Pamela Dellal, mezzo soprano

 

uncommon intelligence, imagination and textual awareness...
PDme

 

 

Bach Cantata Notes

BWV 45

The warning against false prophets elicits from the anonymous text writer of BWV 45 words of such orthodoxy that even the new Pope would be pleased. We are used to Bach’s complete engagement and profound identification with his texts. Our cantata is a remarkable but significant exception. One must quickly say that this cantata is neither a work of insincerity or even lack of interest. Rather the music of this very energetic and beautiful work seems to lead an independent, but cogent life of its own.

The work opens with an unpromising quote from Micah. Micah, one of the twelve minor prophets, is best known as the predictor of the Messiah’s birth in Bethlehem. He was probably a contemporary of Isaiah but has none of the ringing brilliance of that astonishing figure. The pro forma, rather characterless words bring forth from Bach a fugal chorus of extraordinary energy and grandeur. While the text setting is perfectly, even scrupulously correct, the effect is that of a major top-drawer Bach instrumental piece. The tenor aria with its heavy first beat-oriented rhythm is a striking and minor-key equivalent. One of the most impressive things about this cantata is its superb sense of proportion and balance; each movement is not only the perfect length in itself, but the sum total of the cantata has a complete and superb symmetry. The second part of the cantata begins with a quotation from Matthew; not the passage about false prophets that is the reading for this cantata, but Christ’s ferocious words to the hypocrites that are in the subsequent lines. Once again the crackling energy of the string parts and the bravura melismas of the bass are the most striking things. The juxtaposition of the words from Micah and Jesus’ fierceness is mysterious unless the texts are read together as exhortations to a society that has lost its energy and direction. Certainly the wonderful but odd alto aria supports this thesis, for the jaunty and high-profile flute theme is never taken up by the singer. The voice line is almost subsidiary to the dazzling trio sonata that is going on in the instruments. A very rich and beautiful harmonization of “O Gott, du frommer Gott” ends the cantata.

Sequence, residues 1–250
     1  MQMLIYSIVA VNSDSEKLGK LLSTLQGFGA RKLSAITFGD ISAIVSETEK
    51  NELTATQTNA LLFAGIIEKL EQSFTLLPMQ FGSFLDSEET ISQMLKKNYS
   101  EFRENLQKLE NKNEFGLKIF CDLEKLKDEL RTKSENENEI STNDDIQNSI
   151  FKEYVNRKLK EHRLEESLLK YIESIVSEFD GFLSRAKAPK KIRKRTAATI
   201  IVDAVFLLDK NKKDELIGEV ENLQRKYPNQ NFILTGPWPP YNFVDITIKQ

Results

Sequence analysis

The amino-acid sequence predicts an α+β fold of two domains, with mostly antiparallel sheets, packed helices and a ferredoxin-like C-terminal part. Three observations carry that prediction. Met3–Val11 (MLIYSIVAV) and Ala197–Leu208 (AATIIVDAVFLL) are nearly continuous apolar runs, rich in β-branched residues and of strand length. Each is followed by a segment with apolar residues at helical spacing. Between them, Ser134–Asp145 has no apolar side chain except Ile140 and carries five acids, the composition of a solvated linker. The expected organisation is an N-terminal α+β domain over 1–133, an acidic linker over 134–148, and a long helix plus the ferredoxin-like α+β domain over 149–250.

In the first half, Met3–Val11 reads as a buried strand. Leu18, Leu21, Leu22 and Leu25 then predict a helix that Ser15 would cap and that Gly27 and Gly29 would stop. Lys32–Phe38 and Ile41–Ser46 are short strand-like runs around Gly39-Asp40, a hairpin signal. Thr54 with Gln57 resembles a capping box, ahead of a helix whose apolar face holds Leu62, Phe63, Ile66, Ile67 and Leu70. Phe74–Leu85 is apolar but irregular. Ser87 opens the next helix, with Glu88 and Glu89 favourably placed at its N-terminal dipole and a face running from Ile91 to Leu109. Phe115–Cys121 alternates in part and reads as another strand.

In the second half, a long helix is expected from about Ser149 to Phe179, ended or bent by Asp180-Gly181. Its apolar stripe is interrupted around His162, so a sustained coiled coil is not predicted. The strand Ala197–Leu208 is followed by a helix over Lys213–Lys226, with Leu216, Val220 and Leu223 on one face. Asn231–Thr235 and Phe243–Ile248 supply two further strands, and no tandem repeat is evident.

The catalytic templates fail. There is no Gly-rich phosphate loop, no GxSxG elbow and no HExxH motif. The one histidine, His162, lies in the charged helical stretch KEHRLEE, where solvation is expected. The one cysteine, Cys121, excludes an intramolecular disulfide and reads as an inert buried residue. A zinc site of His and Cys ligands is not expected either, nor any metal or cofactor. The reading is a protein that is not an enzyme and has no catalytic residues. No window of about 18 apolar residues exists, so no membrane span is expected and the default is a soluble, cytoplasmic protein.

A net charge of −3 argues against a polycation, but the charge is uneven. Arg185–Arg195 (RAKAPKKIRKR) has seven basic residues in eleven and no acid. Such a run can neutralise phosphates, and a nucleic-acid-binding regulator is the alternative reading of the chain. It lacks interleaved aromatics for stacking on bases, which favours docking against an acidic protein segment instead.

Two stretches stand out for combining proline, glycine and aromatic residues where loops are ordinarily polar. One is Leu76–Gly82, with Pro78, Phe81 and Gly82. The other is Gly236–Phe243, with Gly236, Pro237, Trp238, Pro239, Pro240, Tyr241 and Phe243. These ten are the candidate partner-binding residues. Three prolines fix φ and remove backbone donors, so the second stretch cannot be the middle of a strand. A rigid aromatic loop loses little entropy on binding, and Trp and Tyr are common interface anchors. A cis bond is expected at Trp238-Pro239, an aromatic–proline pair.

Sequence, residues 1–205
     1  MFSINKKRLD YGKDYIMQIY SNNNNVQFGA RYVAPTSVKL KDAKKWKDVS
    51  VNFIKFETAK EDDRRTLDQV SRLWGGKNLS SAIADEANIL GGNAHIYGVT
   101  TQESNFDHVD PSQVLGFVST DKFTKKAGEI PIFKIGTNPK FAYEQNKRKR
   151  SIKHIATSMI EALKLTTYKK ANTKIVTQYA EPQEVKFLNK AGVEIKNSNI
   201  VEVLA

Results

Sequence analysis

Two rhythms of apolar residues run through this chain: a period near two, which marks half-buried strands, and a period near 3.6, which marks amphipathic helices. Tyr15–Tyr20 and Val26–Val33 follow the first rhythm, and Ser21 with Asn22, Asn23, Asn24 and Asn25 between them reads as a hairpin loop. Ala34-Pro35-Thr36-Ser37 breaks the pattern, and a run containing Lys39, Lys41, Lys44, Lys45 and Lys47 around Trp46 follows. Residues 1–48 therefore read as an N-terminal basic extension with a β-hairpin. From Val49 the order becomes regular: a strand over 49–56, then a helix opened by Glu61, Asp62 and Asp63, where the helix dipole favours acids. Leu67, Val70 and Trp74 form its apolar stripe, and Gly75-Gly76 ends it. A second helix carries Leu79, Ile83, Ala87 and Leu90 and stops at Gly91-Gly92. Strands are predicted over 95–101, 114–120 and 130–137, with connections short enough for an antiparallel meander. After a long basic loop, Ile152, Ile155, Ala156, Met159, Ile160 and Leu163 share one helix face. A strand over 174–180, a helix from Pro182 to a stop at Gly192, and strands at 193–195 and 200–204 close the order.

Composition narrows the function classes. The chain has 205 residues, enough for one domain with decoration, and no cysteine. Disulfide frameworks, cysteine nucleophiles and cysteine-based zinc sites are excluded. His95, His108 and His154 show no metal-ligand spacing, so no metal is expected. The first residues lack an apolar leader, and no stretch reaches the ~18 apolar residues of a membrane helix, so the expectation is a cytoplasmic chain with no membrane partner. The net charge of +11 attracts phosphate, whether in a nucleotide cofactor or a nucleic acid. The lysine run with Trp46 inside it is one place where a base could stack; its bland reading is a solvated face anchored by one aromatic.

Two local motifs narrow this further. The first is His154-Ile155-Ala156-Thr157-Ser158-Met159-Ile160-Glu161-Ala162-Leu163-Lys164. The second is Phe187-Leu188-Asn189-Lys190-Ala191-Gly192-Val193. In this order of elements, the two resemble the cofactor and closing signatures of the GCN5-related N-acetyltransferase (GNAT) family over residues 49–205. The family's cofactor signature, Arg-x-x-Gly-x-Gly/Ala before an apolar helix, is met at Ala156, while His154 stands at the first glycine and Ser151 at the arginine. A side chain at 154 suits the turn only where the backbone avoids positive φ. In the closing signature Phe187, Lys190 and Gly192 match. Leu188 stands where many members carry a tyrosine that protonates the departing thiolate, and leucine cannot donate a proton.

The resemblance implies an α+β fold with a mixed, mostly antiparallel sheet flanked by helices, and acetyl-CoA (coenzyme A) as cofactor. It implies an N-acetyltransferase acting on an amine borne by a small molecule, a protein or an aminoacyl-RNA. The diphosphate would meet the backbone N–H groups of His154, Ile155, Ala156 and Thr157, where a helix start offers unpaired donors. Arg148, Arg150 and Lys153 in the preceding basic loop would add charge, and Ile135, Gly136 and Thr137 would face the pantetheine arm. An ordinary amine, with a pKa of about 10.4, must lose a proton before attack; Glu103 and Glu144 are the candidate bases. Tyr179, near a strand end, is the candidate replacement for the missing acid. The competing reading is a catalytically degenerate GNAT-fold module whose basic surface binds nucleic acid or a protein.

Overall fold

©Craig Smith